This test run augurs well for a series of rich interactions but also shows the difficulties in establishing the convergences that are essential to ensure a future for the species living on the planet, an increasingly important part of which is threatened with extinction, and ultimately the human species itself. Even if a certain awareness is beginning to grow, especially among the younger generations, it is urgent to gather all the energies to shift the current economic paradigms from a mad rush to profit towards a rational management of resources and a better social and ecological balance. All the parameters mentioned above will allow this fundamental change of direction.
All these dimensions, worked on by groups in a way that is still too often considered marginal or experimental, are still fragmented. Together, they form a coherent holistic approach in which each party can consider itself a legitimate actor. It is not only a question of fighting against but also of proposing concrete, current and effective actions, capable, through their demonstration, of attracting the support of a larger mass of people who will themselves become actors of change. Finally, these meetings, by providing an opportunity for the exchange of knowledge and know-how, contribute to strengthening the determination of the activists of all these networks and in a context where threats from authoritarian governments are increasing, this last point is far from being superfluous.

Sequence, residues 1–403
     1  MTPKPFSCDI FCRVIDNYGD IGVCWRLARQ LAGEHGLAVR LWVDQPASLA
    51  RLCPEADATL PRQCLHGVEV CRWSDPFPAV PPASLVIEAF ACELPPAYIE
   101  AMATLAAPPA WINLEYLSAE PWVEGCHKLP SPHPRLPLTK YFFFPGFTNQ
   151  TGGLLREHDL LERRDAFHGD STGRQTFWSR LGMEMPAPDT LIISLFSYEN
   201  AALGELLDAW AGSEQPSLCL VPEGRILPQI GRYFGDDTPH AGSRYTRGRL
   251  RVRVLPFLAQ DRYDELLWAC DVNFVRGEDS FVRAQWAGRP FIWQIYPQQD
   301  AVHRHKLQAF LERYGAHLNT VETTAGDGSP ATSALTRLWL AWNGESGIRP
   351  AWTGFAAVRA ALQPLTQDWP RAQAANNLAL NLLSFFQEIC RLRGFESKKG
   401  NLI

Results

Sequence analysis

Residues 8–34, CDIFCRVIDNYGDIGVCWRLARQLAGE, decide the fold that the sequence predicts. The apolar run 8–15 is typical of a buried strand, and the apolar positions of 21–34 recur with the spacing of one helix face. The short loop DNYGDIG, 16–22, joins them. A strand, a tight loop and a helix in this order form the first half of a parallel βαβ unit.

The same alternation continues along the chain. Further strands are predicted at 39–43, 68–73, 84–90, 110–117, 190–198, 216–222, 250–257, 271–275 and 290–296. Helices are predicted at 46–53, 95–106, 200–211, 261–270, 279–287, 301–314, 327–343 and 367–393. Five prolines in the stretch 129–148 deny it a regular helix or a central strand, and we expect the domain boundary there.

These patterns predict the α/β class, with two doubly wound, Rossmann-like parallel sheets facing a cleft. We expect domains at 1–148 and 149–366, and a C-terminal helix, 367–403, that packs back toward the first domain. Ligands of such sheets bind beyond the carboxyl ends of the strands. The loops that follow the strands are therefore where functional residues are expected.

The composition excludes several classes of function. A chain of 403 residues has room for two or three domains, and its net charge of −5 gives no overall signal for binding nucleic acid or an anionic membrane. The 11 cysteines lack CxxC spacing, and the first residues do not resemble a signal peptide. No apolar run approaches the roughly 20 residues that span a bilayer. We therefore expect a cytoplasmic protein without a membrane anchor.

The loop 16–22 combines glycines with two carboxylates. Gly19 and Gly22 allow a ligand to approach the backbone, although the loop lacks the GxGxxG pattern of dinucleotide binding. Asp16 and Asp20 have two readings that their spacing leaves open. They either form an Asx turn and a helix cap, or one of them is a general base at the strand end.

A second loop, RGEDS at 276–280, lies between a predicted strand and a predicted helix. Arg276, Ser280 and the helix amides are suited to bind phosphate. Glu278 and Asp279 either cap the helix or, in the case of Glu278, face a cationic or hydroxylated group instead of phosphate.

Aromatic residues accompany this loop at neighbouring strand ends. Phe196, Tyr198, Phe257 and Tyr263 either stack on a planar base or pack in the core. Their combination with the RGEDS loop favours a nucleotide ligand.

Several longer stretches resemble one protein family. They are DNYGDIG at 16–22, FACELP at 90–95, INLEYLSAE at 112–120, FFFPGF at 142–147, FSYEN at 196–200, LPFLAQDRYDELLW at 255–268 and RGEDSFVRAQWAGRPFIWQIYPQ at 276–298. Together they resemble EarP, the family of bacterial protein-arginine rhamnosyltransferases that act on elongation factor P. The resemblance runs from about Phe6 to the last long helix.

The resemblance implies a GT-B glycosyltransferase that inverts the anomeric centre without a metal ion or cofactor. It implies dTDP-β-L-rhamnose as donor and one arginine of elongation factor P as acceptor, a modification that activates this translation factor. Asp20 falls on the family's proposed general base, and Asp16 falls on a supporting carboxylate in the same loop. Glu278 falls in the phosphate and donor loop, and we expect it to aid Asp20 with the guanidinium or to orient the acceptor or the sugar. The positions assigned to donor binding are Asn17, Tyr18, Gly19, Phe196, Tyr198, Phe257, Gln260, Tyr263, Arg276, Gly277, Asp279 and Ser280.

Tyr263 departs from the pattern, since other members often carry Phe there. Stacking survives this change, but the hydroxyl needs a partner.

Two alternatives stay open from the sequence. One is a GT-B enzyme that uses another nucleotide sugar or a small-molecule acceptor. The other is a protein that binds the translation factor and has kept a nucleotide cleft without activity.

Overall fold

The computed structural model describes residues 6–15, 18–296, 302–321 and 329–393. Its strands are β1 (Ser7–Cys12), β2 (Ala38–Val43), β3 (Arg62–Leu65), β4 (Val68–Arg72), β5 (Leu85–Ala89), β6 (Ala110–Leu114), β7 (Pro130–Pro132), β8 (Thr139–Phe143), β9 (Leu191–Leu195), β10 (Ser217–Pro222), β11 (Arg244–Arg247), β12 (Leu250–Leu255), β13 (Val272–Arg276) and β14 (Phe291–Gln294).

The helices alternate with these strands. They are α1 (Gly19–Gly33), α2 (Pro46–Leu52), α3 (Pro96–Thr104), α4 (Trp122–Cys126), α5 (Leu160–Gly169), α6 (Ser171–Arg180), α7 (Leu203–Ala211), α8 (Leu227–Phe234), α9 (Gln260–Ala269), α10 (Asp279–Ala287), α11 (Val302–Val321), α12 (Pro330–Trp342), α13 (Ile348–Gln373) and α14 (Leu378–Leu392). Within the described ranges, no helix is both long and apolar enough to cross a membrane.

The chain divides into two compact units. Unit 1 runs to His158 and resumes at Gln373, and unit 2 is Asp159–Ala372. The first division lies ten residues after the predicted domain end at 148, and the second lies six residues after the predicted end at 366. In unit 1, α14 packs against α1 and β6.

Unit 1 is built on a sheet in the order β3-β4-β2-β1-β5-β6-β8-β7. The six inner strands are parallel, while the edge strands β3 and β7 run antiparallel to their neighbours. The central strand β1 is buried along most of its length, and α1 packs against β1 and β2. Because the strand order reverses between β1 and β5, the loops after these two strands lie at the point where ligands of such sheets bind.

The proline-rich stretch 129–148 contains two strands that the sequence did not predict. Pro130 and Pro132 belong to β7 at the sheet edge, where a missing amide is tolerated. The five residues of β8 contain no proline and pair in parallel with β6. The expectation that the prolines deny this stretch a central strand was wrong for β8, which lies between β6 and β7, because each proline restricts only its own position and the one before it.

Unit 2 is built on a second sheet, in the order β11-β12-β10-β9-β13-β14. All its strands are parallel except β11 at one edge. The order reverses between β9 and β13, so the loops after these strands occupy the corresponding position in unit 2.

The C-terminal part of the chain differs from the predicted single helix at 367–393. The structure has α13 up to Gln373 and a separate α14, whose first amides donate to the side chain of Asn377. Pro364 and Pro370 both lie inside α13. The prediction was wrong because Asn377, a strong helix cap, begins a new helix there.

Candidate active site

To achieve its objective, the WSFTE must adopt a more “intercultural” approach that better articulates the networks that were present this spring in Barcelona, so that all those who have visited it feel really empowered.

Renewable energy cooperatives and local authorities
REScoop Zagreb may 2019

This year’s conference focuses on how REScoops and local authorities can transform communities through collaboration and features European REScoops, local authorities (including cities and municipalities) and a bunch of local stakeholders from the RIPESS network, the Compile project and the wider Balkan region.

This 3-day conference will take place in Zagreb, Croatia on Thursday 30th of May, Friday 31st of May and Saturday 1st of June 2019. The international conference on day 1 and 2 will coincide with the 6th General Assembly of REScoop.eu on day 3.

We start the conference on day 1 with a plenary session about Energy Remunicipalisation and a guided tour through Zagreb for REScoop.eu members.

On day 2, REScoops and municipalities will present information on how to accelerate the energy transition at the local level. European stakeholders will explain how citizen energy communities are organised in their respective countries and best practices of innovative collaboration between REScoops and local authorities in the Balkan region and beyond will be showcased. Finally, during several interactive sessions participants will be able to share thoughts and ideas

On day 3, more interactive workshop sessions will be organised, followed by REScoop.eu’s General Assembly

More info